Then God said, “Let the waters swarm with fish and other life. Let the skies be filled with birds of every kind.” So God created great sea creatures and every living thing that scurries and swarms in the water, and every sort of bird—each producing offspring of the same kind. And God saw that it was good. Then God blessed them, saying, “Be fruitful and multiply. Let the fish fill the seas, and let the birds multiply on the earth.”

    And evening passed and morning came, marking the fifth day.

    Then God said, “Let the earth produce every sort of animal, each producing offspring of the same kind—livestock, small animals that scurry along the ground, and wild animals.” And that is what happened. God made all sorts of wild animals, livestock, and small animals, each able to produce offspring of the same kind. And God saw that it was good.

    Then God said, “Let us make human beings in our image, to be like us. They will reign over the fish in the sea, the birds in the sky, the livestock, all the wild animals on the earth, and the small animals that scurry along the ground.”

    So God created human beings in his own image.

    In the image of God he created them;

    male and female he created them.

    Then God blessed them and said, “Be fruitful and multiply. Fill the earth and govern it. Reign over the fish in the sea, the birds in the sky, and all the animals that scurry along the ground.”

    Then God said, “Look! I have given you every seed-bearing plant throughout the earth and all the fruit trees for your food. And I have given every green plant as food for all the wild animals, the birds in the sky, and the small animals that scurry along the ground—everything that has life.” And that is what happened.

    Then God looked over all he had made, and he saw that it was very good!

    And evening passed and morning came, marking the sixth day.

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14 thoughts on “The Song of Creation

  1. Jason Tripp says:

    Great word and mixture of sound theology and praxis. On the day when many are celebrating ‘Earth Day’ we get to celebrate and care for our beautiful planet every day.


  2. Dan Chapman says:

    It’s a shame that a message that began with such promise turned into a lecture on why we should join the trendy save-the-earth movement that 1st worlders are so enamoured with right now. Please, please, please stick to the bible. God’s love and God’s grace and God’s mercy is what will save the world, not how many bags I use at the grocery store.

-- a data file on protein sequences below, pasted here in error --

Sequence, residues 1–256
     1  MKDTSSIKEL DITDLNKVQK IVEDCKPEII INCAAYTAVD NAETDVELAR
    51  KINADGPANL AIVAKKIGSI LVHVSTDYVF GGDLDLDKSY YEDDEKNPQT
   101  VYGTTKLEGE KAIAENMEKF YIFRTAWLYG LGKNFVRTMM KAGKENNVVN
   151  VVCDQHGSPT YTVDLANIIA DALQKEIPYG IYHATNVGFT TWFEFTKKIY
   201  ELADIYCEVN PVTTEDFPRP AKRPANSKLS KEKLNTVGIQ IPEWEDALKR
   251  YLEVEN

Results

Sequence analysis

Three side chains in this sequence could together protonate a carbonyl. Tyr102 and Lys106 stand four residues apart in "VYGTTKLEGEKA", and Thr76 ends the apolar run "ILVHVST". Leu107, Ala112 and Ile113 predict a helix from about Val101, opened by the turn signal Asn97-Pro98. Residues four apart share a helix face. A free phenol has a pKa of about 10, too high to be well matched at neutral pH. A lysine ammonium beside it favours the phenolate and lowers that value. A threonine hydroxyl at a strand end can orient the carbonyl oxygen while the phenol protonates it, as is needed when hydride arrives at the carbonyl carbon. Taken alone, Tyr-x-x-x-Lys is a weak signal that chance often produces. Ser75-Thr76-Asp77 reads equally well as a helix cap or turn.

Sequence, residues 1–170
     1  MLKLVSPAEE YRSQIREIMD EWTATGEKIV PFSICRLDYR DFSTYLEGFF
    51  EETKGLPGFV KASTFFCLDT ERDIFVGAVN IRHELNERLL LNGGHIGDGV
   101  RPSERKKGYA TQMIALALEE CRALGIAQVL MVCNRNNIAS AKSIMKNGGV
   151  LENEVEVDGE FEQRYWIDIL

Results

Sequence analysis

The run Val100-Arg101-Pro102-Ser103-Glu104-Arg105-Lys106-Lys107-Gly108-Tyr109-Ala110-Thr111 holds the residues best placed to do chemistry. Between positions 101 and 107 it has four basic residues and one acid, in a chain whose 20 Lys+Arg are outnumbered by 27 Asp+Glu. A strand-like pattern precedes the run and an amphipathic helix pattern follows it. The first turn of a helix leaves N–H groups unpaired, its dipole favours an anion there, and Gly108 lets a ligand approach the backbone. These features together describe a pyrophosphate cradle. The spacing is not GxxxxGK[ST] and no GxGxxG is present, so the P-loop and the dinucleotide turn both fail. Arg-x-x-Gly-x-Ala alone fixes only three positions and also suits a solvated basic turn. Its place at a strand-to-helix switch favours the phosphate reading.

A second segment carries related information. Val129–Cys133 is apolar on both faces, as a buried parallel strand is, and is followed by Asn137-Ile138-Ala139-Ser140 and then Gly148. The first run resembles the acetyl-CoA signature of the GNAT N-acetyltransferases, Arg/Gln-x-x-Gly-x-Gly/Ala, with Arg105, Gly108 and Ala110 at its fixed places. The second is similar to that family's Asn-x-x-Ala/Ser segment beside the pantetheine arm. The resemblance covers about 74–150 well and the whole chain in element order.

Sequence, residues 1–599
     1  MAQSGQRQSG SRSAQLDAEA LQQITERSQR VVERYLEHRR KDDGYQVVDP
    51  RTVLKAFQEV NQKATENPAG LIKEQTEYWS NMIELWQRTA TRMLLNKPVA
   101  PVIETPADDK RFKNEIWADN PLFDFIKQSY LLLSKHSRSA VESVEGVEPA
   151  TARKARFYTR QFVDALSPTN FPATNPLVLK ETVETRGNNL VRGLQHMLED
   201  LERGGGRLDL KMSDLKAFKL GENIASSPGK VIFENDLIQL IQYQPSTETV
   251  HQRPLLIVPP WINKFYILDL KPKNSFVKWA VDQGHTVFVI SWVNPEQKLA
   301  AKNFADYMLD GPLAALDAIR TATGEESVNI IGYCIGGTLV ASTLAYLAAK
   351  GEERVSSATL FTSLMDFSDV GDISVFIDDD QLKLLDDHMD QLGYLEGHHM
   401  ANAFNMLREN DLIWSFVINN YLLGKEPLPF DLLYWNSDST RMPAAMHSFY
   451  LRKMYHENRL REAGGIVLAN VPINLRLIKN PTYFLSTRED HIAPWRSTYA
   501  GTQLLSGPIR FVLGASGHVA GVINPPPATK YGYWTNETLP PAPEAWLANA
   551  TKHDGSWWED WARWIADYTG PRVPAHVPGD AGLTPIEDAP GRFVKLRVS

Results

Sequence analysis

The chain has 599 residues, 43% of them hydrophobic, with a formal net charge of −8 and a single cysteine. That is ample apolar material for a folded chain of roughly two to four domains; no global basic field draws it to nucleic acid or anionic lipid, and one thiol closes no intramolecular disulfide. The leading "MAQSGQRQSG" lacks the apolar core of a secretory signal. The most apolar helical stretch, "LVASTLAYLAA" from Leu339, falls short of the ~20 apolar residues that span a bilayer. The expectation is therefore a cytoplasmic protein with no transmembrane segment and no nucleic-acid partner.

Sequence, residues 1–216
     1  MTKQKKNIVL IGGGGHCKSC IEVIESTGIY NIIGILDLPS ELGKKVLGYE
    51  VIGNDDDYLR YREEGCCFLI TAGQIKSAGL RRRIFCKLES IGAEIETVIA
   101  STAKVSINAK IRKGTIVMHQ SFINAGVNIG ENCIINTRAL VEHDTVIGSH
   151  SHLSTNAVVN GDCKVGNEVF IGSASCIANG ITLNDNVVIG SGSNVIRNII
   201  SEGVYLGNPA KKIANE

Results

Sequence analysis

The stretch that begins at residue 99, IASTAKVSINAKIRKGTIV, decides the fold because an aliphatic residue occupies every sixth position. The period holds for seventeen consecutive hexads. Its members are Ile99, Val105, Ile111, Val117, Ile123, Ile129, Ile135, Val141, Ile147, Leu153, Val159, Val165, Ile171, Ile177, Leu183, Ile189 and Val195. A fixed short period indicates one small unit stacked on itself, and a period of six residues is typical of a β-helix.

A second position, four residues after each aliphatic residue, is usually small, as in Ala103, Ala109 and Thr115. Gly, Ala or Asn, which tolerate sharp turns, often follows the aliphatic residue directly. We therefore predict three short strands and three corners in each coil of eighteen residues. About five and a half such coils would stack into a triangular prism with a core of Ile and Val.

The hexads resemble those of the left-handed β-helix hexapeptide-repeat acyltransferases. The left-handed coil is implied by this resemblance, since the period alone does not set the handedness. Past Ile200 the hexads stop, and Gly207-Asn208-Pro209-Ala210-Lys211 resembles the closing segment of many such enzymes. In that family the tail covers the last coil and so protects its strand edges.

3. Kevin says:

    i like dan’s remarks; save the eco stuff for one on one interpersonal conversations; i would only like to hear preaching and theological messages. as for theology and grammar, i am not convinced of vanessa’s interpretation of the term “the heaven’s and the earth”. she says that the “heavens” are speaking of the spiritual realm; i feel that it is simply speaking of the cosmos which is outside the earth, yeah?

  4. M85 says:

    Anyone interested in ecology should check out the film-documentary “Cowspiracy: the Sustainability Secret”.

  5. Jill Hoschette says:

    I have a dream that someday ALL Christians will see the full circle of compassion that encompasses ALL of creation. God is screaming at us to see the many things that are happening to the world He created, yet so many don’t want to connect the dots. Lord, open are eyes and hearts to include your whole creation. AMEN!

  6. Denley McIntosh says:

    I thought it was a good message. The only challenge is making the Genesis 1 account ahistorical and more poetry. (At least, this is how it sounded from her sermon.) I would argue the Genesis 1 account is history in poetic form. I know there’s debate whether Genesis 1 historical or poetry. Moses or the writer’s account (as Vanessa mentions) seems to blend both history from God/Elohim’s perspective more theo-centric with poetry as mnemonic for an oral culture during ancient times. This is compared or contrasted to Genesis 2 where the creation story is from Adam’s perspective, anthro-centric.

    I cannot deny the poetic form as it is structured in the original Hebrew for Genesis 1; but God seems to refer to the Genesis 1 days quite often in the Exodus passage as some kind of literal time for Him beyond human reasoning/experience. I suppose it is an experience that God has undergone in His renovation of the Earth to make it as His temple. (The temple thought comes from N.T. Wright, which I will touch upon below.) Otherwise, how else would God tell Israel that He worked 6 days and rested for 1 day and they, Israel, should do the same? If the Genesis 1 account is just poetry, how does God draw this logical parallel if it had no basis in reality – probably a more profound reality within God the Spirit? Saying this, I think the days in Genesis are experienced from God’s perspective, in eternity time, in the Spirit, so to speak. The days are sequenced as He sees fit as the Lord God of time. Jesus re-emphasized this fact in the Gospel as being the Lord of the Sabbath.

    We as humans are made in His image-likeness and are called to mirror God’s work pattern. But are God-days equivalent to human-days like human years versus dog years? I cannot say that is so, and it’s probably best not to be dogmatic on that part where many Fundamentals like to plant their flag on the literalness of 6 human-day creation. I believe that’s why Peter wrote what he did about one day is thousand years and a thousand years are like a day to the Lord (2 Peter 3:8). We can’t be overly scientific on that point. The point is God created all things out of nothing and worked in sequence to build a temple where He can dwell.